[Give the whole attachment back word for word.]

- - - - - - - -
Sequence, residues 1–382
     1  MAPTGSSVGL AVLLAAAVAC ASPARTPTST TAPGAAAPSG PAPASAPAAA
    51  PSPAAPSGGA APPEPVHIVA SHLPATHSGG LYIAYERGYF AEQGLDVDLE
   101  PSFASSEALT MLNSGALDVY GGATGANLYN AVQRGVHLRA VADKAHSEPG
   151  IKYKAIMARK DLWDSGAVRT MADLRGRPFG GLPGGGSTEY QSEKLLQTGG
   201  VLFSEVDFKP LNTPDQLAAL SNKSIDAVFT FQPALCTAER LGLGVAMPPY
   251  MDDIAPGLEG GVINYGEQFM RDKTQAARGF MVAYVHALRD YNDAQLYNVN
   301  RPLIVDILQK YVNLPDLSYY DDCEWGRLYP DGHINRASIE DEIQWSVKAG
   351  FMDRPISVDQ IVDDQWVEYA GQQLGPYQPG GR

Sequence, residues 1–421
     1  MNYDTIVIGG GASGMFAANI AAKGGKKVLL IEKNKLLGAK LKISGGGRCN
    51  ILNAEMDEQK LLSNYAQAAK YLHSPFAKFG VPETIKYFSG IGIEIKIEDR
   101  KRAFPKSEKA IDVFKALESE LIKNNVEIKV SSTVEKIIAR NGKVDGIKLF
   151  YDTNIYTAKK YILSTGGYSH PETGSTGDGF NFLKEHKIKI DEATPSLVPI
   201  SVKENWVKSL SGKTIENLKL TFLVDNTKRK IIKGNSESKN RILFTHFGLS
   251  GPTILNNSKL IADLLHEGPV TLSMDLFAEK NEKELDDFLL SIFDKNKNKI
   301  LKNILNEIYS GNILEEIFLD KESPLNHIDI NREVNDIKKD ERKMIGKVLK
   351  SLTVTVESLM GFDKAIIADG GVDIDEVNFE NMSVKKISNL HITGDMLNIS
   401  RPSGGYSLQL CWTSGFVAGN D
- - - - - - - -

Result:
Sequence, residues 1–382
     1  MAPTGSSVGL AVLLAAAVAC ASPARTPTST TAPGAAAPSG PAPASAPAAA
    51  PSPAAPSGGA APPEPVHIVA SHLPATHSGG LYIAYERGYF AEQGLDVDLE
   101  PSFASSEALT MLNSGALDVY GGATGANLYN AVQRGVHLRA VADKAHSEPG
   151  IKYKAIMARK DLWDSGAVRT MADLRGRPFG GLPGGGSTEY QSEKLLQTGG
   201  VLFSEVDFKP LNTPDQLAAL SNKSIDAVFT FQPALCTAER LGLGVAMPPY
   251  MDDIAPGLEG GVINYGEQFM RDKTQAARGF MVAYVHALRD YNDAQLYNVN
   301  RPLIVDILQK YVNLPDLSYY DDCEWGRLYP DGHINRASIE DEIQWSVKAG
   351  FMDRPISVDQ IVDDQWVEYA GQQLGPYQPG GR

Sequence, residues 1–421
     1  MNYDTIVIGG GASGMFAANI AAKGGKKVLL IEKNKLLGAK LKISGGGRCN
    51  ILNAEMDEQK LLSNYAQAAK YLHSPFAKFG VPETIKYFSG IGIEIKIEDR
   101  KRAFPKSEKA IDVFKALESE LIKNNVEIKV SSTVEKIIAR NGKVDGIKLF
   151  YDTNIYTAKK YILSTGGYSH PETGSTGDGF NFLKEHKIKI DEATPSLVPI
   201  SVKENWVKSL SGKTIENLKL TFLVDNTKRK IIKGNSESKN RILFTHFGLS
   251  GPTILNNSKL IADLLHEGPV TLSMDLFAEK NEKELDDFLL SIFDKNKNKI
   301  LKNILNEIYS GNILEEIFLD KESPLNHIDI NREVNDIKKD ERKMIGKVLK
   351  SLTVTVESLM GFDKAIIADG GVDIDEVNFE NMSVKKISNL HITGDMLNIS
   401  RPSGGYSLQL CWTSGFVAGN D